SHIV DIXIT

I am an Assistant Professor of Economics and Public Policy at the Indian School of Business. I received my Ph.D. in Economics from the University of Minnesota. Previously, I served as a Research Analyst at the Federal Reserve Bank of Minneapolis and the International Monetary Fund.

Fields: Public Finance, Monetary Economics, Macroeconomics

WORKING PAPERS

Contract Enforcement and Preventive Healthcare: Theory and Evidence

I study how enforcement frictions in health insurance contracts determine the distribution of preventive care. I document that immunization rates are lower in countries with weaker contract enforcement, and exhibit steady state traps. These patterns cannot be explained by efficient immunization in a frictionless economy. However, dynamic contracts subject to ex-post one-sided commitment can rationalize these facts. When contracts are weakly enforced, insurers underinvest in preventive care to perpetuate the need for insurance. This mechanism is self-enforcing, whereby low levels of prevention today breed low levels of prevention in the future. Leveraging this history dependence, I devise a test to show that the hypothesis of limited commitment cannot be rejected in the data. I also structurally estimate the model to match the distribution of immunization rates and show that the model predicts non-targeted moments relating to the persistence of immunization.

Electoral Systems, Fiscal Policies and Labor Regulations

This paper provides a unified explanation of the effect of electoral rules on fiscal policies and labor regulations. Empirical evidence suggests that disproportional electoral voting systems are associated with smaller governments and higher minimum wages. To account for these facts, I develop a model in which a benevolent constitutional planner can restrict the labor allocation space of a heterogeneously skilled population prior to the stochastic determination of fiscal policies. Elected officials maximize the objective of their constituencies by devising socially suboptimal tax systems that favor idiosyncratic gains from redistribution. I show that the equilibrium constitution imposes higher minimum wages ex-ante to reduce taxation ex-post in more disproportional electoral systems. I structurally estimate the model using key moments of the U.S. presidential elections and the Lorenz curve. I find that labor regulations aimed at disciplining taxation can increase welfare by 2.5% in terms of certainty equivalent consumption.

The Distributional Impact of Transfer Limits During India’s Demonetization

What were the distributional consequences of the recent demonetization in India? Can the implementation of demonetization be improved to mitigate its distributional impact? This paper answers these questions using a dynamic contracting model featuring costly state verification and transfer limits. I document substantial heterogeneity in the impact of demonetization on consumption expenditure across income and wealth distributions. This finding suggests that the non-discriminatory transfer limits implemented during demonetization were too blunt to insure against idiosyncratic income risk. I show that sharper monetary policy instruments contingent on the history of reported household income can yield substantial welfare gains.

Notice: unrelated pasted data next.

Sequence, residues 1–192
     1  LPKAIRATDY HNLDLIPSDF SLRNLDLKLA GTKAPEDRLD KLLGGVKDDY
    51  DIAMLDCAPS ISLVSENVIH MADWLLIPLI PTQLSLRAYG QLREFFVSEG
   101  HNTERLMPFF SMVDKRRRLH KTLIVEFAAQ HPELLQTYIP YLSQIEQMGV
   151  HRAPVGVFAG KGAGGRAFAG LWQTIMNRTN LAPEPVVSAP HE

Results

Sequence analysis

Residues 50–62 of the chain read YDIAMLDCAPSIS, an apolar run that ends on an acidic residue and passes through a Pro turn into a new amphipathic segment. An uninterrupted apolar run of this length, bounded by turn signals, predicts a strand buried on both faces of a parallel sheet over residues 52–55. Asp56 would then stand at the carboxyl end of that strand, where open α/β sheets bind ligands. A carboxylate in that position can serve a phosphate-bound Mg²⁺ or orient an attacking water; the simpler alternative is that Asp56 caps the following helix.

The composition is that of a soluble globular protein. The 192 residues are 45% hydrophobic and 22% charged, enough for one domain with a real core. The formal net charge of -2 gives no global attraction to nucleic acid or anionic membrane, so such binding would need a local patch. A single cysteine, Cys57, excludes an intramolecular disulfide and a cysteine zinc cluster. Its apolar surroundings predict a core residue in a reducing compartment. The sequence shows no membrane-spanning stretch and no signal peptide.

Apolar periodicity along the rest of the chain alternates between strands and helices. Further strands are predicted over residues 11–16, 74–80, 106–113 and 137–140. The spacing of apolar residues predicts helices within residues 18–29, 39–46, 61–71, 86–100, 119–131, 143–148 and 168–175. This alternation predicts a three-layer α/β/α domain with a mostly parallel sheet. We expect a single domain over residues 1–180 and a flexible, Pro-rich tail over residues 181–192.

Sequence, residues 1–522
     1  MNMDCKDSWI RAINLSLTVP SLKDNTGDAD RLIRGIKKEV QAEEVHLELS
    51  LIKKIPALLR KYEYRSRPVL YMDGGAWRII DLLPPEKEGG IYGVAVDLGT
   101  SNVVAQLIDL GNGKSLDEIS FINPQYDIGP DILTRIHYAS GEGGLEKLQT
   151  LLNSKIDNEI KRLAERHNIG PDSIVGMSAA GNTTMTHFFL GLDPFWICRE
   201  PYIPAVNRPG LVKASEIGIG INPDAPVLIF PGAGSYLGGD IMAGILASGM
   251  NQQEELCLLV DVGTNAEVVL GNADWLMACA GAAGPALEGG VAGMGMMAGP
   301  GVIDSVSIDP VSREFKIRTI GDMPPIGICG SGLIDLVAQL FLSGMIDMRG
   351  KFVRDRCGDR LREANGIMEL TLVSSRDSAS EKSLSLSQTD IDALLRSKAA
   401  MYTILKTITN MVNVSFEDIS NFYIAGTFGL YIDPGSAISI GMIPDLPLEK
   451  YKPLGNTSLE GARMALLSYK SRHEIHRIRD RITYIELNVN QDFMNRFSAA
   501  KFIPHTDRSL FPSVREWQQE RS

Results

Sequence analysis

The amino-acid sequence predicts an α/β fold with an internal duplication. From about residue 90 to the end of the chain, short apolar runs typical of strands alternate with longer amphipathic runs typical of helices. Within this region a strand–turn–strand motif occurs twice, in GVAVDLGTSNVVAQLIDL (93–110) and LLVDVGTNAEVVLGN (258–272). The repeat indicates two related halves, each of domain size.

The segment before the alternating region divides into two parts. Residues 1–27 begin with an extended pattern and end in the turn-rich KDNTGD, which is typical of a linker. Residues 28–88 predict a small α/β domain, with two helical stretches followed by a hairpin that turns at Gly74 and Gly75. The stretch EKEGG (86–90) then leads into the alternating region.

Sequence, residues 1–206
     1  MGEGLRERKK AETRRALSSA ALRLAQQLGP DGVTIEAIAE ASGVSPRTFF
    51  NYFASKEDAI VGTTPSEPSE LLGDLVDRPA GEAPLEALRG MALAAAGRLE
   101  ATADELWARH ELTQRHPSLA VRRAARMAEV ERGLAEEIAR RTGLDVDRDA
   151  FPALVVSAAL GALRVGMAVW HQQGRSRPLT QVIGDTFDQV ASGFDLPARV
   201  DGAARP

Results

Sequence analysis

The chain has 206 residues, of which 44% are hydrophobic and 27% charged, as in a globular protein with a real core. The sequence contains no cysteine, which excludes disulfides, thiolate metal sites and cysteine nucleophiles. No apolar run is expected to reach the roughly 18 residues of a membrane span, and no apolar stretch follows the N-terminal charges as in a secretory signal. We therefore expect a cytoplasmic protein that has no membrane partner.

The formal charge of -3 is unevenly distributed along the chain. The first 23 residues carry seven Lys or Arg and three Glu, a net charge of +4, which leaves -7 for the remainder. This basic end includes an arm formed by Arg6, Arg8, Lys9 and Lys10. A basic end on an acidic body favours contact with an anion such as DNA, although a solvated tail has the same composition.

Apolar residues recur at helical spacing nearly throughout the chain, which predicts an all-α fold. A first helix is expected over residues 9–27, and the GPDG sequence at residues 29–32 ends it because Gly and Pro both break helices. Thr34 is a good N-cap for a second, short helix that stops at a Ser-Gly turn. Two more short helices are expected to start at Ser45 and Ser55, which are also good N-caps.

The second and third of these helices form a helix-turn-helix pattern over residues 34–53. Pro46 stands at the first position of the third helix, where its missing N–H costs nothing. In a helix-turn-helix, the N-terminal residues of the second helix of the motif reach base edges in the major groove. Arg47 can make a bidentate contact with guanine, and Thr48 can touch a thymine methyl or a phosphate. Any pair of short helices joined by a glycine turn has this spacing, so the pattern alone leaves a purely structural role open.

IN PROGRESS

Are Minimum Wages and Income Taxes Complements or Substitutes? with Sergio Salgado

Bank Coordination and Monetary Transmission: Evidence from India with Krishnamurthy Subramanian

Health Insurance and Precautionary Savings: The Role of Financial Market Incompleteness with Radhakrishnan Gopalan

Impact of the GST on Corporate Tax Evasion: Evidence from Indian Tax Records with Sumit Agarwal, Shashwat Alok, and Tejaswi Velayudhan


PUBLICATIONS

BOOK CHAPTERS

East African Community: Taking Off? with Martine Guerguil, Catherine McAuliffe, Hamid Davoodi, and Maxwell Opoku-Afari, Regional Economic Outlook: Sub-Saharan Africa, International Monetary Fund, April 2011, 51-73.

The Quest for Regional Integration in the East African Community, Chapter 7, edited by Paulo Drummond, S. Kal Wajid and Oral Williams, International Monetary Fund, Washington D.C., 2014.

POLICY PAPERS AND STAFF REPORTS

Botswana: Article IV Consultation with Lamin Leigh, Gonzalo Pastor and Gustavo Ramirez, International Monetary Fund, 2011.

Tracking Short-term Dynamics of Economic Activity in Low-income Countries in the Absence of High-frequency GDP Data with Maxwell Opoku-Afari, Working Paper Series, International Monetary Fund, Washington D.C., 2012, WP/12/119.

Impact of the Global Financial Crisis on Exchange Rates and Policies in Sub-Saharan Africa with Nabil Ben Ltaifa and Stella Kaendera, African Departmental Paper, International Monetary Fund, 2009, AFR/09/03.

Monetary Transmission Mechanism in the East African Community: An Empirical Investigation with Hamid Davoodi and Gabor Pinter, Working Paper Series, International Monetary Fund, Washington D.C., 2013, WP/13/39.


DISCUSSIONS

"Heterogeneity of Central Bankers and Inflationary Pressure" by Mauricio Bugarin and Fabia Carvalho; XX Inflation Targeting Conference, Central Bank of Brazil. [slides]

"Misallocation in the Market for Inputs: Enforcement and the Organization of Production" by Johannes Boehm and Ezra Oberfield; CAFRAL, Reserve Bank of India. [slides]